I don’t know if it’s the city or the weather or the fact that the sun doesn’t rise until 8am, but my schedule shifted. I’ve been waking up at about 8am like clockwork for the past year and all of a sudden I found myself sleeping until 9am or 10am without any problem and naturally falling asleep around 1am or 2am. On a few nights, I went out to a bar or a party only to realize that it was 4:30am or 6:00am. There’s no way I’m just accidentally staying out until 6am in Chicago.
Film and Work
I wanted to meet up with more filmmakers but the weird time of year conspired against me.
I did get to one film event this week and met some interesting filmmakers. There was a pitch session where people could talk about their project and try to enlist collaborators. My sense was that most indie projects here are zero budget. I’m not sure if that’s better or not than Chicago – in Chicago, most indie projects have some funding, although never a lot of funding. Probably some projects would be better off going zero budget but it’s also nice that people get a little bit of money.
Another thing I noticed was that most of the people pitching were looking for writers to collaborate with. In Chicago, it feels like everyone is a writer. I don’t know any directors in Chicago that don’t also write their own material. Almost every comedian/improviser I know is also a writer or has written their own material at some point. I don’t know if everyone writing for themself is optimal, and I don’t want to draw conclusions from just meeting a handful of filmmakers in Berlin.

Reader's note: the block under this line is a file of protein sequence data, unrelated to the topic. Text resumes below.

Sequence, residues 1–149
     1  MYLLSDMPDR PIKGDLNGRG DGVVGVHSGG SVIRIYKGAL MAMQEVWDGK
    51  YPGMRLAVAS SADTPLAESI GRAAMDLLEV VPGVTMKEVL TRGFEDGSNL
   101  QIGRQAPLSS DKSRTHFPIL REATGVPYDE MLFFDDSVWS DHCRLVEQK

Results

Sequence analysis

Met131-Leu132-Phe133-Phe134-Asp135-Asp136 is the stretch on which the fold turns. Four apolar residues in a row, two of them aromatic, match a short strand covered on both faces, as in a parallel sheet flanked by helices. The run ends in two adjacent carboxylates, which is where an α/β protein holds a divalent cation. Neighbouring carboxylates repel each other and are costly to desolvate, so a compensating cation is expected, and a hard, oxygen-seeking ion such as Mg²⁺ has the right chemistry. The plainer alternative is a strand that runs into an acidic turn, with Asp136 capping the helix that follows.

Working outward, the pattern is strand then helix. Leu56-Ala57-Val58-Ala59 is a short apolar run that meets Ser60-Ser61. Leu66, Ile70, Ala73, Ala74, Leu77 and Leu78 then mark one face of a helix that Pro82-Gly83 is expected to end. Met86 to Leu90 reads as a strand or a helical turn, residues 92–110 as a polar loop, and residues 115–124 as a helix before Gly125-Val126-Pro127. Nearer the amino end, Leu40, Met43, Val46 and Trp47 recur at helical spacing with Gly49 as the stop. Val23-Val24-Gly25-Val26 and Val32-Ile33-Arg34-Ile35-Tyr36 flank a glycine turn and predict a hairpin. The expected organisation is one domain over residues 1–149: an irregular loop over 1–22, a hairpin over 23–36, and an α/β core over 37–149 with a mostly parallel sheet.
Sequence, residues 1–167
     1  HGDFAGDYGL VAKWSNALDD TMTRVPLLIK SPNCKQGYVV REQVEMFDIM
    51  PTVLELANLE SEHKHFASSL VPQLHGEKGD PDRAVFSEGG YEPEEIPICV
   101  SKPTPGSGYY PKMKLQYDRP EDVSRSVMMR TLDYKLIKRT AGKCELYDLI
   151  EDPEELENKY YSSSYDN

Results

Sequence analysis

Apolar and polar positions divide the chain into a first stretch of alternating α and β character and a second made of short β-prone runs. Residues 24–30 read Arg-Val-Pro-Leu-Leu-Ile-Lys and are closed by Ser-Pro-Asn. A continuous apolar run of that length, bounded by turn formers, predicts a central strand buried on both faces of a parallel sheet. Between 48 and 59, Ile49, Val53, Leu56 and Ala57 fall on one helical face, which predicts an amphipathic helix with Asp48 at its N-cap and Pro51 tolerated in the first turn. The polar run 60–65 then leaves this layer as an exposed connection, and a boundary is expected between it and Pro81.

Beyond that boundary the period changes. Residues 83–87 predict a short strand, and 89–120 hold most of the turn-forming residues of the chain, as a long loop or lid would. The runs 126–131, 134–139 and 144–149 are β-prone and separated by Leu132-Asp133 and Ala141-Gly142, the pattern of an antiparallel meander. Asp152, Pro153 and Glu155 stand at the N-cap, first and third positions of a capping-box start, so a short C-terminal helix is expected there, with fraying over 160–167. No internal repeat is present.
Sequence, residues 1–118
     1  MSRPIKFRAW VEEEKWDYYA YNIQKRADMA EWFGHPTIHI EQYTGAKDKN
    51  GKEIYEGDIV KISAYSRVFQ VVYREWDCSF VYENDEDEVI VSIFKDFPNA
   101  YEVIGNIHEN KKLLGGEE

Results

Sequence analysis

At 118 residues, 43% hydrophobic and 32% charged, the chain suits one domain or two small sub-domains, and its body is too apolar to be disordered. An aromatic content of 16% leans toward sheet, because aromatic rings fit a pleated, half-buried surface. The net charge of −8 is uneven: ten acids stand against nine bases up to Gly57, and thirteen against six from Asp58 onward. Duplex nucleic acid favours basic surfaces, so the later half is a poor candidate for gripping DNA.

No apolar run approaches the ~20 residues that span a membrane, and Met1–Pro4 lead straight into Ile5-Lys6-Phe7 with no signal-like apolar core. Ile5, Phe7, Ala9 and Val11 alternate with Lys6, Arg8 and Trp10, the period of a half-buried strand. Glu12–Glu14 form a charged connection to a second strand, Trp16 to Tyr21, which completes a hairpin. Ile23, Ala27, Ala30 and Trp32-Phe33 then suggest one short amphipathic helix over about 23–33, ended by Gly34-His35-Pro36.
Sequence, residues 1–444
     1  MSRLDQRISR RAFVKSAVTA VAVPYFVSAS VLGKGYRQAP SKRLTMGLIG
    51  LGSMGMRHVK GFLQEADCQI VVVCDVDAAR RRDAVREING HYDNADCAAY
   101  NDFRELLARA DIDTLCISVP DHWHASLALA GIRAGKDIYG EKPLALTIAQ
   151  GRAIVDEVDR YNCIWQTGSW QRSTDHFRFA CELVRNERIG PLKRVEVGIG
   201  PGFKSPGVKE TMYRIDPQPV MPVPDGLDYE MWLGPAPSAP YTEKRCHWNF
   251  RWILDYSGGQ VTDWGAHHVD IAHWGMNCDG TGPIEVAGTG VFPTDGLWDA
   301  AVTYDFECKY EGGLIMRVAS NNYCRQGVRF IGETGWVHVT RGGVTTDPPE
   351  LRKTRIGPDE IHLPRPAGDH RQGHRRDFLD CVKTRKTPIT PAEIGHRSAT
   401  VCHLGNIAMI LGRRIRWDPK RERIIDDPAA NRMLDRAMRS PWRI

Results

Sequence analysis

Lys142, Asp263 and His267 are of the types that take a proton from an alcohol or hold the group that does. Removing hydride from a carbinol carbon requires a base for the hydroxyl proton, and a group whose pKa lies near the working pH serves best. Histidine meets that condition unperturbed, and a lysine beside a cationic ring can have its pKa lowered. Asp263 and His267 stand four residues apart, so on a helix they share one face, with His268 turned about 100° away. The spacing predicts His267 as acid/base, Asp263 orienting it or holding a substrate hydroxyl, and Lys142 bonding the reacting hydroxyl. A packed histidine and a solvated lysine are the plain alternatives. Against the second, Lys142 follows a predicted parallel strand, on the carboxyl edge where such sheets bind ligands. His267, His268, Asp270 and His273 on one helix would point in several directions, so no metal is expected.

My hunch is that while Berlin may be more creative or inspiring than Chicago, it’s also harder to ship your work because there are so many shiny fun things going on, so many interesting people to meet, etc.
Berlin felt like it was telling me to not miss out, to come out and play and be weird and stay out late and party and meet people. During the winter in Chicago, I feel like the city is telling me to stay home, edit and write and watch Netflix and occasionally go to a bar with my friends to complain about the weather.
So while I think it would be more creatively stimulating to live there, I also think it would require more discipline to work and write.
There’s something about Berlin that truly feels free, like I actually felt more free there. I can’t quite describe it, it’s something cultural, something in the air.
And I’m not exactly oppressed in Chicago. I can’t really put my finger on it, but you just get the sense that anything goes — you can be anyone you want in Berlin and people won’t judge you (as long as you’re not judgmental).